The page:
An East african perspective
Thursday, April 30, 2009
The pirate story on the coast of Somalia is as intriguing as any fiction that has the power to capture the imagination of mankind. It gets interesting when modern society recalls that the last pirate attacks across international waters were carried out by bandits more than two centuries ago.
Personally, I remember one character, Long John Silver in Treasure Island whenever I hear of the word pirate. That one-eyed, one-legged dagger- wielding monster still haunts my memory to this day.
Hilary Clinton has described the Somali pirate menace as a 19th century crime that needs 21st century solution. What she probably means is that whereas the 19th century bandits used crude weapons to attack ships, the latter day counterparts can afford rocket launchers, AK47 assault guns or even hand grenades.
However, what makes them close cousins to their 19th century sea robbers is their attire and the canoes they use to capture 21st century ocean liners and cargo freights. Having been living in Somaliland for nearly 30 days and mingling with Somali journalists, politicians, businessmen and ordinary citizens including international aid workers, I can confidently state that I have come across interesting issues that are hardly coming out through BBC, CNN or any major Western news network. Which is interesting, considering that in the whole of Somalia, these networks are considered authorities on local issues. For starters, for some reason, the official government position, the main opposition political parties and Western media seem to be in agreement that Somali pirates are just common criminals using the fishing excuse to justify their crimes.
And to prove its point, the Somaliland government has actually arrested, tried and jailed a few of them in the recent past. However, fresh information that is increasingly becoming available is that since Siad Barre was overthrown from power and lawlessness settled in, big fishing companies from Japan, China and Western Europe made the Gulf of Aden their playground.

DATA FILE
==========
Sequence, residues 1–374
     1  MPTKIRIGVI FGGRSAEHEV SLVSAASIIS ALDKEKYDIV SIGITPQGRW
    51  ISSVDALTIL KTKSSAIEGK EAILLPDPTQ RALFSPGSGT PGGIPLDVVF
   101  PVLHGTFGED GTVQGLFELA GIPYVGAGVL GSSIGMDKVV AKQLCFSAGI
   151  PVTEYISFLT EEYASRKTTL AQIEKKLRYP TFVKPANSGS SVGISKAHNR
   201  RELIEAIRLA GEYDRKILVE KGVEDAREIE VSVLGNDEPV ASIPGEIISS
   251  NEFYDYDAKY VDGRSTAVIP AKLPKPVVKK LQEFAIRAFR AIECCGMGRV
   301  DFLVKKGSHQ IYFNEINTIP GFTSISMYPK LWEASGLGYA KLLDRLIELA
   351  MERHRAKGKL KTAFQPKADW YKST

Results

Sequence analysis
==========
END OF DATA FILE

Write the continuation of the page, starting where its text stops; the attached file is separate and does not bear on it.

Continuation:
They came with huge trawlers, dug deep and took as much of the livelihood of these poor Somali fishermen and destroyed what they couldn’t take with them. And because there was no government in power with a national coast guard, the situation went on for more than a decade when fishermen decided to take the law into their own hands.
As the Americans shot dead three pirates and captured one two weeks ago, most Somalis see it as a godsend since the young man will have an opportunity to tell the Somali story. What they want to see is a fair trial in the much acclaimed American judicial system to determine between the Somali “pirates” and international fishing companies who the real criminals are.
Ordinary Somalis do not share the government view that these young men in their 20s are common criminals.
They tend to think that because Somaliland badly needs international recognition, because Ali Sharif, the newly installed Somali president needs acceptance from the international community, the last thing the two presidents would like is to see that they are condoning what the super powers are condemning.
However, assuming that both the government and the opposition parties are right; is it possible that a variety of journalists and aid workers from Mogadishu, Baidoa, Bosaso, Puntland and Somaliland can all be wrong and mistaken? Isn’t it worth investigating by the international community, the MI5, the FBI and other international crime agencies to find the root cause of this menace that has made travel rather unsafe on Africa’s East Coast?With a 19-year-old civil war, those who were born the day Barre was overthrown are now young men of 18.
Their women agemates have become mothers and probably their wives. Growing in a lawless society where survival is 90% by the barrel of the gun means becoming an adult with limited opportunities.
As one aid worker put it to me; the pictures he has taken while in Mogadishu, “Africa’s dark corridors”, indicate that there is nothing for young men to look for on the land. Hence they have turned to the sea as the only hope for survival; to catch fish and feed their starving families.
Therefore as they wake up every morning to witness another bombing of their shanty villages, as they watch helplessly as multinational fishing boats cart away their only means of livelihood; their last frontier for survival, they resolved to protect what they believe to be truly theirs, with bare hands if necessary. Hence the determination to attack ships of any kind and force them to pay for their cargo!
Yes, they have taken the law into their own hands, which is wrong, but desperate circumstances may call for desperate measures.